Schools catering for growing number of ‘newcomer’ children

Model School


THERE has been a steady rise in ‘newcomer’ pupils – those whose first language is not English – in Fermanagh’s primary schools with some of the highest numbers attending Enniskillen Model and Holy Trinity Primary School in Enniskillen.

Figures released by the Department of Education show that up to 40 newcomer pupils attend Enniskillen Model while over 40 students from an ethnic minority group attend Holy Trinity. St Ronan’s Primary School in Lisnaskea also has up to 30 newcomer pupils.


The increase in cultural diversity has led to a rise in the number of ethnic minority charity groups in the county, including Enniskillen-based group, Women of the World.

Anita Mukherjee is the chairman and co-founder member of Women of the World, and part of their work includes primary school visits where trainers explore cultures and challenge children’s attitudes.

The trainer, who has worked in Fermanagh for some 14 years, revealed that some newcomer pupils as young as 11 can experience prejudice from their peers.

“Schools are doing a good job in helping ethnic minorities integrate and settle into their school life,” she said.

“But there is still racism in schools and on the streets of Fermanagh. Even my son, who was the first Asian boy to attend his local school, was called him lots of names.

“There is still a lot of prejudices, particularly to those from the travellers community and many from the Muslim faith and African countries. Whatever they – children and young people – have heard or seen on the TV is what they are using to form their opinions.

“In the beginning they are weary, especially if the children are from an Asian or African background, they find it difficult accepting that person.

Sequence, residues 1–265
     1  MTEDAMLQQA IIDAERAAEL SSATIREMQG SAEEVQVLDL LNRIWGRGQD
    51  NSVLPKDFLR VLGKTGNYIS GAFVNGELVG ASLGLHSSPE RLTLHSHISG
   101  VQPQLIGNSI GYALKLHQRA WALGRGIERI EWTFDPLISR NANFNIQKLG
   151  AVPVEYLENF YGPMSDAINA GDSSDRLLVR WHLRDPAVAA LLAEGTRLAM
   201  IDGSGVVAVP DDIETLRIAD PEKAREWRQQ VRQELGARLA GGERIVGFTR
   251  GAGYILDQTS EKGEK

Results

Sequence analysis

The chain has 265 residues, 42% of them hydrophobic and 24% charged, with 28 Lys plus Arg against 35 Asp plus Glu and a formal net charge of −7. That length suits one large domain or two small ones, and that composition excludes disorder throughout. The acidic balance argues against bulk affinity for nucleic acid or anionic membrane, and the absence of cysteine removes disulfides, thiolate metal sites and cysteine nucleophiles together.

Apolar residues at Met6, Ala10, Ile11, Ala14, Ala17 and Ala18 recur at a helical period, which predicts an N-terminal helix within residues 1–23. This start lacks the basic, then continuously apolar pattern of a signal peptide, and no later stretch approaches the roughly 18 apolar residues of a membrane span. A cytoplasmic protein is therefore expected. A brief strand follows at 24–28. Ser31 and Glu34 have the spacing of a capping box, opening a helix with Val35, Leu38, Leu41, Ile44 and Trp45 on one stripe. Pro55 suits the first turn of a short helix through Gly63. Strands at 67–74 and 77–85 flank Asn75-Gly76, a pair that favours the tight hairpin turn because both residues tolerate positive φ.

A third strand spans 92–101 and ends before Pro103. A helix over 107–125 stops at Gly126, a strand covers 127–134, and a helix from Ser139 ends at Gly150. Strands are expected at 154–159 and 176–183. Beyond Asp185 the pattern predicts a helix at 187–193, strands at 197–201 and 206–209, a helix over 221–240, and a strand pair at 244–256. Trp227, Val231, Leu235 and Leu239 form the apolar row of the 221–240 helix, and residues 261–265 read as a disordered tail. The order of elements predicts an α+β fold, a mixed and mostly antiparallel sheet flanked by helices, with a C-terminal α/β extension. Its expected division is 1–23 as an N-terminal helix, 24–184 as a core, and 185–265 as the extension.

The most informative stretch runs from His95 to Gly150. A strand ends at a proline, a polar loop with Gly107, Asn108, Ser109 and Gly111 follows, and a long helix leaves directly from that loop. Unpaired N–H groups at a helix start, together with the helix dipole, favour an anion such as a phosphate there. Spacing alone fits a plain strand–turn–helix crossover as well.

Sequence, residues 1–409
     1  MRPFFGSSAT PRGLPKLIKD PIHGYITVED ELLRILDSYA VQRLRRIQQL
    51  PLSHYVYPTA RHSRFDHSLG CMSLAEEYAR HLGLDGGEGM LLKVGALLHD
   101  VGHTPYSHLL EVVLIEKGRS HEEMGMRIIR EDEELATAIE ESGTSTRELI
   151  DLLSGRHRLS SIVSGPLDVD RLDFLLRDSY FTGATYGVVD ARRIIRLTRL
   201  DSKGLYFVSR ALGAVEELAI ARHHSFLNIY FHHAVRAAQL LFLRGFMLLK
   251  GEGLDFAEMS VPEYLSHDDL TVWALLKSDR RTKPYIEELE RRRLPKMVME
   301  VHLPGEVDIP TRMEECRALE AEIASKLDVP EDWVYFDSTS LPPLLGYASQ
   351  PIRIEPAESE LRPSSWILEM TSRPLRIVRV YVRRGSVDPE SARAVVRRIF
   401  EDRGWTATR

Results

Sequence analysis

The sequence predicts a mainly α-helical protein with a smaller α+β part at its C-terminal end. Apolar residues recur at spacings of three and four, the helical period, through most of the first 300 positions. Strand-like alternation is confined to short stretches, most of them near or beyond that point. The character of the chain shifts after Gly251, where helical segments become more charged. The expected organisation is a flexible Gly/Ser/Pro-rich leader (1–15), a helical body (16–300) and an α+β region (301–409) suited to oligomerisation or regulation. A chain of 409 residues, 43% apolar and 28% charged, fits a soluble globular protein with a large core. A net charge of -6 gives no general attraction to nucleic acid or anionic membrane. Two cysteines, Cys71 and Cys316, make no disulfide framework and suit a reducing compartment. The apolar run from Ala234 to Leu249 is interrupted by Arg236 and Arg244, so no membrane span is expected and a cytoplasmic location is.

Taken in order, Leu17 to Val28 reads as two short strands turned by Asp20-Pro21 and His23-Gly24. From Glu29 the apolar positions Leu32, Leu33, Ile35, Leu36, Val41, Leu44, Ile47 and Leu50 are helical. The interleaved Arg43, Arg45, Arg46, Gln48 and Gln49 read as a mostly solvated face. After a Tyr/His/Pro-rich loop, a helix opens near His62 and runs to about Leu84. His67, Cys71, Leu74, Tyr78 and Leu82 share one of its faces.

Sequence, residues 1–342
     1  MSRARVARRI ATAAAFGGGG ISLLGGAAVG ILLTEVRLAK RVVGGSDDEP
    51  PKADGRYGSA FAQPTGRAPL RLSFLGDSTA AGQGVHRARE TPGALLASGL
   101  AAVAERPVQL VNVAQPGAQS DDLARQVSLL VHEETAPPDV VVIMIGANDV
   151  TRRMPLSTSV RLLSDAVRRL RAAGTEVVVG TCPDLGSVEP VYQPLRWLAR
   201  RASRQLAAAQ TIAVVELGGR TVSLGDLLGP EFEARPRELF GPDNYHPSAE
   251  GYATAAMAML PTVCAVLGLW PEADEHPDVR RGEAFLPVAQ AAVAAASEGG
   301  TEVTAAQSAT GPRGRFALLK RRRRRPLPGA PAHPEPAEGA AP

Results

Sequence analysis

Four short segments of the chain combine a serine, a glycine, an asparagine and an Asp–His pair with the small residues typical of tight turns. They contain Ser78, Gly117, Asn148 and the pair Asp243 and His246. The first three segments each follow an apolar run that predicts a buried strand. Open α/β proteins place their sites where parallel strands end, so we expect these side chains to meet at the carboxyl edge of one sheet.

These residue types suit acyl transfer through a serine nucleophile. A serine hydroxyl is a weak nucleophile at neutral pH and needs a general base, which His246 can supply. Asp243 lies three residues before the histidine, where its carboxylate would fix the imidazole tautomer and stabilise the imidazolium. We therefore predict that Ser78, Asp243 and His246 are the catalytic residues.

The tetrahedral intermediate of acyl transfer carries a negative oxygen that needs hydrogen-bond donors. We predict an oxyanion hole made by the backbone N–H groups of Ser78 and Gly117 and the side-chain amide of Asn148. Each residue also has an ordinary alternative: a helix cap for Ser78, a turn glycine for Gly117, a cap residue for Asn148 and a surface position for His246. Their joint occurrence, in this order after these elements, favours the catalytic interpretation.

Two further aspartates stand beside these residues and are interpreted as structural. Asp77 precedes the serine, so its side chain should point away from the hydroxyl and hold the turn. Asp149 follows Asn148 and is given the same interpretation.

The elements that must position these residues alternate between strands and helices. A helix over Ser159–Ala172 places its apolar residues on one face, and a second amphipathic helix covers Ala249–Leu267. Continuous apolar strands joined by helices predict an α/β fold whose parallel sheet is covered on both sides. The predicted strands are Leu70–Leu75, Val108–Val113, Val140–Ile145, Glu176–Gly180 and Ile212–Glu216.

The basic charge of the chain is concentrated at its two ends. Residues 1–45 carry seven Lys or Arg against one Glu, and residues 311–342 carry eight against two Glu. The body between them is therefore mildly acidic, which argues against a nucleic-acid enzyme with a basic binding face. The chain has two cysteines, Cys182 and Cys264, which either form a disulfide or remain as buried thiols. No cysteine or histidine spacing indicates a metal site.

“We have been doing a number of different workshops throughout Fermanagh primary schools. We try to explore their own identity and have a knowledge of the world through play and stories.

“We are not diluting the local culture or promoting one culture – we are saying that people live in different ways.

“It’s about telling them about the rest of the world and how they live and all their similarities. They are very open to diversity and learn that nothing in this world is homogeneous.”

The principal of Model Primary School, Winston Glass, stated that the support from parents and teachers has enabled the school to successful cater for children from other language speaking countries.

He added: “This enhances the very integrated and inclusive ethos the school has promoted for many years and one the principal, staff and governors are keen to enhance in the future.

“One of our key aims is to ensure that all of our pupils co-operate and value each other – we are very fortunate in that our parents are very supportive of this.

“We find that the newcomer children settle very quickly, are accepted, acquire language skills within a short period and there are generally no issues.

“The Newcomer provision is very well co-ordinated, the support network is excellent and by having many years of experience in catering for newcomer pupils the staff rarely face any challenges.”

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